Sunday Show Roundup

Republicans and Democrats jockey for position on potential government shutdown


Lawmakers on both sides of the aisle used the Sunday shows to attempt to shift blame as a government shutdown looms.

"It is the Democrats who have taken the absolutist position," Sen. Ted Cruz (R., Texas) said on "Meet the Press."

"I'd like to repeal every word of the law, but that wasn't my position even in this fight. My position in this fight was we should defund it, which is different from repeal."

"And even now what the House of Representatives has done is a step removed from defunding. It's delaying it. Now that's the essence of a compromise," Cruz said. "On the other side what have the Democrats compromised on? Nothing. Zero."

Democrats maintain it is the Republicans who are refusing to compromise.

"800,000 federal workers will be the victims of this Republican shutdown strategy, but even more important it hurts our economy," Sen. Dick Durbin (D., Ill.) said on Face the Nation. "The leaders in business tell us, ‘don't do this, don't shutdown the government, don't fail to pay the governments bills with the debt ceiling.’ And that's exactly what the Republicans are hell bent on doing."

"Speaker Boehner has essentially handed the gavel over to Senator Cruz," Rep. Chris Van Hollen (D., Md.) said on "Face the Nation."

"I put forward a motion asking the speaker of the House to appoint budget negotiators so we could work out all these issues," Van Hollen said.

"What did the speaker do? He denied the appointment of negotiators. In the Senate Mike Lee blocked the appointment of negotiators. This was a calculated strategy to drive the country to the cliff and then say ‘give us what we want in the Affordable Care Act or we're going to shutdown the government for default on our debt.’"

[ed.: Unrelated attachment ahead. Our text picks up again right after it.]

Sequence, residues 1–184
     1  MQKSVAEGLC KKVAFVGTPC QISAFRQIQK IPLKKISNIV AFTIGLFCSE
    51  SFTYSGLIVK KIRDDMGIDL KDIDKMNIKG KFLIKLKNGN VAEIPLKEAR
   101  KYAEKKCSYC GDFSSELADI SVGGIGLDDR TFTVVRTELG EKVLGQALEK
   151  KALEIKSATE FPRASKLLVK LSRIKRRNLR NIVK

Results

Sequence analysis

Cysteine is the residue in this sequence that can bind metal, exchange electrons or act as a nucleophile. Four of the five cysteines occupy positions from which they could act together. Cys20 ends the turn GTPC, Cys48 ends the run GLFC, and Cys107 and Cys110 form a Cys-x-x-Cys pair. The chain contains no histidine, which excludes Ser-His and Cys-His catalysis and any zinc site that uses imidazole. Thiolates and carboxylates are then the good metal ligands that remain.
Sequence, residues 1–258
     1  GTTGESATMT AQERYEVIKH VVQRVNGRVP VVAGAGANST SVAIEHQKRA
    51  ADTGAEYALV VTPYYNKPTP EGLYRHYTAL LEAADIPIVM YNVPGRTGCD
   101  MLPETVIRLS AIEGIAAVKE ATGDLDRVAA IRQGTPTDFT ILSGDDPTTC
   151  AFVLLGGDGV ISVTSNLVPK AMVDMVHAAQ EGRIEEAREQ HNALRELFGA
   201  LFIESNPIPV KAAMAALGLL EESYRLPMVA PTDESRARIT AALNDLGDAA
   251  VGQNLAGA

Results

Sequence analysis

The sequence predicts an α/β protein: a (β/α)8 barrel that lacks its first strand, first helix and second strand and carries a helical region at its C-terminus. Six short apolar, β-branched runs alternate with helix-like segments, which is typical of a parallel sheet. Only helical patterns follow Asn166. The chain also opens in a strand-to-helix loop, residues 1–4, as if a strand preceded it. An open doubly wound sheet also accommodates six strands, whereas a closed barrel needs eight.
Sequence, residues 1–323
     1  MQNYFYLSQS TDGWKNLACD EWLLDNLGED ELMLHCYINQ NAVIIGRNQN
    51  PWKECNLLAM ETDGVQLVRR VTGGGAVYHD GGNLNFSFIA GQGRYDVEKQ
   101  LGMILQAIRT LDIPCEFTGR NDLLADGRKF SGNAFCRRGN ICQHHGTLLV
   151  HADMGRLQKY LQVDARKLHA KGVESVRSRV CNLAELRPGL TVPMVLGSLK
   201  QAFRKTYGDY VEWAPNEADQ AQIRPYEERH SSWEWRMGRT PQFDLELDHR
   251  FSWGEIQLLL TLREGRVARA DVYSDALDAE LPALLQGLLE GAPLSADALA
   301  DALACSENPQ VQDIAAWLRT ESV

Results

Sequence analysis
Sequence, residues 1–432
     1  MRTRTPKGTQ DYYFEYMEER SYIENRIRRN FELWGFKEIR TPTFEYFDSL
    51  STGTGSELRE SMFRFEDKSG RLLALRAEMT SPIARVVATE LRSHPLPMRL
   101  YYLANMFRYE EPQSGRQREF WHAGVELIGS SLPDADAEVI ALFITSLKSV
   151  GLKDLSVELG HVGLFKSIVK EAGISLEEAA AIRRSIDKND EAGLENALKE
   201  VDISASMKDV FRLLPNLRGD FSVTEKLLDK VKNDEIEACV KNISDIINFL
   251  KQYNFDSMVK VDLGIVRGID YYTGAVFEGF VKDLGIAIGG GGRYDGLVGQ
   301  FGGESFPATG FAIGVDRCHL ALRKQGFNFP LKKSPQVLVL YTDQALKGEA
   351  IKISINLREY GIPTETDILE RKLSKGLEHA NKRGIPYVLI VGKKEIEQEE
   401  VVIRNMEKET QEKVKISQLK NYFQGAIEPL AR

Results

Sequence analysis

Rep. Kevin McCarthy (R., Calif.) reiterated that the Republicans do not want to shut the government down but they intend to continue this fight because it is ultimately better for job growth and the American people on "Fox News Sunday."

"[President Obama] has signed seven bills that have changed provisions inside Obamacare […] There are seventy Democrats sitting in that House today that have voted for one form or another of that. So there is the support," he said.

"You have the president, ten times this year, every single month, delaying a portion of Obamacare. Just last week he did it while he was criticizing us for delaying it," McCarthy said.

The House passed two amendments Saturday evening to the continuing resolution and separate legislation that would ensure military personnel will be paid if a government shut down occurs.

One of the amendments stipulates a one-year delay in implementing the Affordable Care Act. The other fully repeals the medical device tax, but Democrats say neither amendment is something they will agree to.

Sen. Tim Kaine (D., Va.) said on "Fox News Sunday" he did expect the military legislation to pass the Senate.